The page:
Record Retail Year – December Recorded Gains Reported as A Drop from November
We were on track for our best retail sales year prior to the Government Shutdown. Preliminary data was that Visa/Mastercard saw a spike in purchases and possibly the best December Retail Sales Month ever.
The preceding December MARTS Retail report, “Record Dec. Retail. Record Total Year Retail (Part 1)” examined the non-seasonally adjusted data. We saw a drop in Home and Building Goods sales as well as Gasoline Sales recorded, as expected. Furniture Sales Fell, as did Gasoline Station and Sporting Goods Sales. Everything else was higher month to month and December to December. We continue to see the trailing year, or rolling year, growth at over 5%. There was headline news that we saw a decline in seasonally adjusted retail sales. This is very misleading.
One of these charts is unlike the others. Seasonally Adjusted month to month declines were recorded in all but two sectors.The seasonally adjusted December to December data shows that all sectors except Motor Vehicle and Auto Parts (MVP) and Building Material and Garden Equipment (BMGE) declined. Where we saw increases in all but two sectors, non-seasonally adjusted, we say declines in all but two sectors seasonally adjusted.
The December to December Growth revealed non-seasonally adjusted declines in three sectors. We saw declines in Furniture and Furnishing, Gasoline Station sales, and SGHBM. This is a good comparison because it compares the same month data. Christmas comes the same time each year. Thanksgiving is a floating holiday. Sometimes it is the final week of November, some years it is the fourth week of a five week month. It is interesting to note that the month to month NSA chart looks very similar to the SA December to December chart.
The December to December declines were comparable for the seasonally adjusted data and the seasonally adjusted data. Declines were reported in Furniture and Furnishing (FFS,) Gasoline (GAS,) and Sporting Goods, Hobbies, Books and Music (SGHBM) Sales. How did a gain of 34.71% in Clothing sales get seasonally adjusted to a gain of only 4.57%? How did a 29.36% increase in SGHBM become a seasonally adjusted loss of 13.02%? How did a NSA gain of 20.4% in General Merchandise (GM) get seasonally adjusted to a gain of only 2.23%?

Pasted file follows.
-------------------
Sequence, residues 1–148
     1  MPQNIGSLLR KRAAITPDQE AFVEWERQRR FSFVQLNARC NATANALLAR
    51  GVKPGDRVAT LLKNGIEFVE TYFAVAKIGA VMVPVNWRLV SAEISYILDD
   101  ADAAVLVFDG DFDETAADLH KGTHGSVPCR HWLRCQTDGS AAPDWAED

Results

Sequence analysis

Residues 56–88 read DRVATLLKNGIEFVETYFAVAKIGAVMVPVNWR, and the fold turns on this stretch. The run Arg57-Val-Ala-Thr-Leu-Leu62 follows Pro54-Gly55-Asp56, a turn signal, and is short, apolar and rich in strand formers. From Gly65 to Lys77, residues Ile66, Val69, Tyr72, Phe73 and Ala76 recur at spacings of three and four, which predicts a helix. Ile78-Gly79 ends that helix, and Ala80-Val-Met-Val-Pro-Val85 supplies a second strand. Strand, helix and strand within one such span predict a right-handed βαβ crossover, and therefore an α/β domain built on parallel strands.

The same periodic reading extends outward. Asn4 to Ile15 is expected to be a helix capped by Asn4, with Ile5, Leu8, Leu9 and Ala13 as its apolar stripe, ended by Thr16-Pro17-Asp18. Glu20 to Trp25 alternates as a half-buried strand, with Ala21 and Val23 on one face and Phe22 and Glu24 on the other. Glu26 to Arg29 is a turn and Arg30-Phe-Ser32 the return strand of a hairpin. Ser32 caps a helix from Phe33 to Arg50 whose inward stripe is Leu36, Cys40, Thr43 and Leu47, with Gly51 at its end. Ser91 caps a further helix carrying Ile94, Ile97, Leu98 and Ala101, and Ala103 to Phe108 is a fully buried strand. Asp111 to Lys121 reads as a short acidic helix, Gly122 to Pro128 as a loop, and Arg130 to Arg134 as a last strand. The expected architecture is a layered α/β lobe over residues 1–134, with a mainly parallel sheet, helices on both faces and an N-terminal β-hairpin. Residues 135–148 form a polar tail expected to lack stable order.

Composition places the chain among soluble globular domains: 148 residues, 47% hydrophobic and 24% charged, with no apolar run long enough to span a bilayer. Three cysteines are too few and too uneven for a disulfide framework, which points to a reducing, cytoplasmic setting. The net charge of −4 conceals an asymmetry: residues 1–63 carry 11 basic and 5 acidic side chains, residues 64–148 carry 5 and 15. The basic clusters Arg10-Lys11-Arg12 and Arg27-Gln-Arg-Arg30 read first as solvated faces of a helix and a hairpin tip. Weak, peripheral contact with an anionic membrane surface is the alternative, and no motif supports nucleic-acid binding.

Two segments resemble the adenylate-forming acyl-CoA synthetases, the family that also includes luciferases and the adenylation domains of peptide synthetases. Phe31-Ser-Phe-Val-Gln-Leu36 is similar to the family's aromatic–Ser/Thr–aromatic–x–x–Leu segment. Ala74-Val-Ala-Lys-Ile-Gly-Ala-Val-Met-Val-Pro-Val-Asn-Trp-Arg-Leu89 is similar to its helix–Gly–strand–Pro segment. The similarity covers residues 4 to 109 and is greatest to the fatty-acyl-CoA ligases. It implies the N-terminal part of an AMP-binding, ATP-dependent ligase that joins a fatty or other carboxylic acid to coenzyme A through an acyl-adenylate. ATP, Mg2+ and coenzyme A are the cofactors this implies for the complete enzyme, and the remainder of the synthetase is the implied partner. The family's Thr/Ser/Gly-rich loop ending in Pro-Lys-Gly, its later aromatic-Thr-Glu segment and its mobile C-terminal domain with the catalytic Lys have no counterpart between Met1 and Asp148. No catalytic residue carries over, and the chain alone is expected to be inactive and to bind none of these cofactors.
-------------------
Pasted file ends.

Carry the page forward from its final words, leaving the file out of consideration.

What the heck happened to the month to month data? The seasonal factors skewed the data. If the seasonal factors that were used to convert the non-seasonally adjusted November MARTS data to the seasonally adjusted (SA) November MARTS were applied to the December NSA MARTS data then the SA December MARTS would have been reported at $553.639 billion dollars and not the headline $505 billion dollars.
What happened to $50 billion in retail sales? Only two sectors were reported higher than they could have been reported. The seasonal factors change category by category, month to month, and year to year. If the seasonal factor is over 1.00 then the seasonally adjusted data is reported higher SA MARTS data is reported lower than the NSA MARTS data. the the NSA data was reported. If the seasonal factor is under 1.00, say 0.90, then the SA MARTS data will be reported lower than the record NSA Values. This is what happened this month. The seasonal factors for November were higher than those for December for all but two sectors. GAS and BMGE were the only two sectors with higher seasonal factors during December than during November.
It is critical that people acknowledge that there are seasonally adjusted data and non-seasonally adjusted data. It is important to note that we had 6.04 trillion in retail sales this year whether or not we use the SA or NSA Retail Sales data. This is important because personal consumption expenditures is a large component of the Gross Domestic Product. The GDP data is seasonally adjusted. We grew at 5.05% NSA and 4.94% seasonally adjusted. If you look at the NSA data there are month to month variations in the data. Some months are strong than others. May through December the SA Total retail sales were over $500 billion. The NSA data was over $500 billion during March, May, June, July, August, October, November and December. Either way we were over $500 billion a month eight months of the year.
Look at the data. We had a record December whether or not we use the seasonally adjusted data or the non-seasonally adjusted data. We had a record year, over $6 trillion dollars, whether or not we use the NSA or SA data. This report reveals the perils of discussing the seasonally adjusted data. Up was reported as down. This was the advance retail data. The data released this month also included the preliminary and final data for November and October. Both October and November had upward revisions to the NSA data and downward revisions to the SA data.
This was a solid report. The reporting on the data was weak. We experience a non-seasonally adjusted world. Only the government lives in the seasonally adjusted world.
It’s the economy.
Categories: It's the Economy
Leave a Reply